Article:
If it is a ‘suited and booted’ position, then wear a suit; if it is not that formal, then opt for conservative, block colours rather than bold, dramatic patterns. Keep colours rich and elegant, rather than patterned and over the top.

Tip 4- Be nice to EVERYBODY:

You will be amazed at how much sway the receptionist can have in telling a panel member how rude/ignorant/uncommunicative x candidate was when they arrived, etc.

Wherever you go in the building, whoever you talk to, assume they have the authority to hire or fire you – and treat them as such. It pays to be nice.

Tip 5- Honesty works:

Many interviewees are nervous and anxious, which is understandable. In some cases, it can help to ‘admit’ to these nerves. But, before you think this will make you look like a dribbling wreck, turn it on its head; by acknowledging some of these anxious behaviours, you will make yourself more comfortable…and people hire people they are comfortable with!

Tip 6- Don’t be bombarded:

Allowing the interviewing panel to take complete charge can make you feel that you are being bombarded so make sure that you retain partial control of the interview too. The best way to do this is to have some key questions prepared beforehand. Try these:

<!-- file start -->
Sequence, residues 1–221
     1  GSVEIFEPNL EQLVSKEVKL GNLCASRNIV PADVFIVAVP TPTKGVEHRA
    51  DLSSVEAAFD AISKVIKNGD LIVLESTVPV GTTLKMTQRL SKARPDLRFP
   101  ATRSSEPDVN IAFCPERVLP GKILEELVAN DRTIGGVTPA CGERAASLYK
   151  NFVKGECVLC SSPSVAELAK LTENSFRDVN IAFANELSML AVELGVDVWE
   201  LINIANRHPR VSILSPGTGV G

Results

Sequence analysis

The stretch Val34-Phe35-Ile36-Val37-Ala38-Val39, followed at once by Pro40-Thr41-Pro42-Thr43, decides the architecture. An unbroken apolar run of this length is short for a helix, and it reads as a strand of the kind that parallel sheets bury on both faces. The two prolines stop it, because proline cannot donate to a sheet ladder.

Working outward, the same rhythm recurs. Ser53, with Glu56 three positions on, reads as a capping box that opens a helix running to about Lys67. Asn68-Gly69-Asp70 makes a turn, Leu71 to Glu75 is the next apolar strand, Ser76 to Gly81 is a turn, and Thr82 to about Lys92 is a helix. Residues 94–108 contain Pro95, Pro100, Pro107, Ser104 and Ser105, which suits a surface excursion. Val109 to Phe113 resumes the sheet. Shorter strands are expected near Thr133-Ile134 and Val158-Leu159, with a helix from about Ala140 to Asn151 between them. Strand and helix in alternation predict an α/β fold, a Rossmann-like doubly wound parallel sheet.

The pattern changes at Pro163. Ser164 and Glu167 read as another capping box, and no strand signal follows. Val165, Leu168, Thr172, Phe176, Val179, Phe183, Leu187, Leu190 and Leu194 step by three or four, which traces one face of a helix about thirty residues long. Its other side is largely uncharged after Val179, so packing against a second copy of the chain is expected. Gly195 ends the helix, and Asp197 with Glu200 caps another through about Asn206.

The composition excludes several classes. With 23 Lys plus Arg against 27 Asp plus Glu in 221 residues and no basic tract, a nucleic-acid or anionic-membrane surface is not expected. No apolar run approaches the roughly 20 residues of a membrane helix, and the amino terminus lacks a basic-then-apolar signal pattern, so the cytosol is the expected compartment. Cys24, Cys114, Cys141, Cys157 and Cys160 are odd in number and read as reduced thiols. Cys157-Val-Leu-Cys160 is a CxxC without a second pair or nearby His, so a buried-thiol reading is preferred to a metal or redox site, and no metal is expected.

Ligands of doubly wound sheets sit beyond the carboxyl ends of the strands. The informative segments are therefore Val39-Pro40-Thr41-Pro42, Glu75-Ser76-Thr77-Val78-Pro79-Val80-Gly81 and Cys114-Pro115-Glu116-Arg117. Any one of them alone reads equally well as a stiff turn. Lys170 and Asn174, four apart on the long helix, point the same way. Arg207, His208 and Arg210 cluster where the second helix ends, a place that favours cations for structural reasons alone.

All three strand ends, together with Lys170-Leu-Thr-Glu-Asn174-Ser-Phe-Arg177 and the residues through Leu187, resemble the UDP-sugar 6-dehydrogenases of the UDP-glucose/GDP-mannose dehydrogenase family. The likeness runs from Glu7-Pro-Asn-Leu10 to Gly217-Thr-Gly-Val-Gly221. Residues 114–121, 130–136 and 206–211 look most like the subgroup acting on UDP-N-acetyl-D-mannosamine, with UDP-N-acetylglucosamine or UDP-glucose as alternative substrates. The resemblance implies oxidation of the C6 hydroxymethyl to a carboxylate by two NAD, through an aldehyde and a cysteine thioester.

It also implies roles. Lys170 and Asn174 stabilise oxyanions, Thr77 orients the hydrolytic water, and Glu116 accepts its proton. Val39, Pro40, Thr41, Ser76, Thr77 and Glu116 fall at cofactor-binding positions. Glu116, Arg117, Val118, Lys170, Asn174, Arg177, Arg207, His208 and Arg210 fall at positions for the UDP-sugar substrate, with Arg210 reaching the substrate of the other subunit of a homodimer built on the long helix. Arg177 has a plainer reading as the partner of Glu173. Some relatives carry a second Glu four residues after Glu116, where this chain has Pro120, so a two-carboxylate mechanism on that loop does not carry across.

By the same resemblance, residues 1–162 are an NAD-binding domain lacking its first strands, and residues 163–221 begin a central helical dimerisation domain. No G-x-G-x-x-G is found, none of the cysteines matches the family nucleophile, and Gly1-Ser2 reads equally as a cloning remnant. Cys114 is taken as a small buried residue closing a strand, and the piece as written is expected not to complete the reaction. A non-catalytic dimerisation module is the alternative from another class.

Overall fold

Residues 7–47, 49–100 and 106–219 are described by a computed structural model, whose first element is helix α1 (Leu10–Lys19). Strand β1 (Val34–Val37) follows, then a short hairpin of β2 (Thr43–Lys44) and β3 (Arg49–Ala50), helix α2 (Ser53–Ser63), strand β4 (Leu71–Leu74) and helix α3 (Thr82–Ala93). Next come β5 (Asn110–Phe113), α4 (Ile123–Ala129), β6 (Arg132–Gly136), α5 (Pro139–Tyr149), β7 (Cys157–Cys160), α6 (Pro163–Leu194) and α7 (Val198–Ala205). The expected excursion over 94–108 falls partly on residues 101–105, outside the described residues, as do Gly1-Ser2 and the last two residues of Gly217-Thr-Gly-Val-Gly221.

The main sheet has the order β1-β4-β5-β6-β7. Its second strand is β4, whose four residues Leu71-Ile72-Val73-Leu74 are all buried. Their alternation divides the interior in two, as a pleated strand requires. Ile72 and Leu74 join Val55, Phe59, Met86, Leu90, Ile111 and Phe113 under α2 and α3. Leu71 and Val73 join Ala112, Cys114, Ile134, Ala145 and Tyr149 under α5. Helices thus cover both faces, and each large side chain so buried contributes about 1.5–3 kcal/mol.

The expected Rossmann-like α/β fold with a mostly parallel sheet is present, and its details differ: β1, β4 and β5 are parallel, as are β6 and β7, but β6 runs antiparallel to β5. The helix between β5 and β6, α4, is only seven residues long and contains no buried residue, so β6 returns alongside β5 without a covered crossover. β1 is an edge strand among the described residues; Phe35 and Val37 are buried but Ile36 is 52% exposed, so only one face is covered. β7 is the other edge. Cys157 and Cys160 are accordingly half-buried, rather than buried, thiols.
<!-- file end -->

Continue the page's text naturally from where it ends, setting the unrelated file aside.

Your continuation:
‘What is the company’s long-term vision?’
‘Is there anything from my previous experience you would like me to elaborate on?’
Tip 7- You WANT the job:

Remember, you do need to give them signals you want the job.

Tip 8- Résumé:

Always have several copies of your résumé, and anything else you feel could help with your application and interview for the job. This shows you are professional and prepared, two key abilities that many companies would give their right hand for.

Tip 9- Follow up:

95% of candidates, if they are unsuccessful, leave it at that, but rather than phoning and asking why you didn’t get the job, write to them thanking them for interviewing you and outlining what you gained from the experience. You never know, if a job arises in the near future, they may just contact you.

Author: James from Staffbay

10 common sense interview tips too many people flub Via Careerbuilder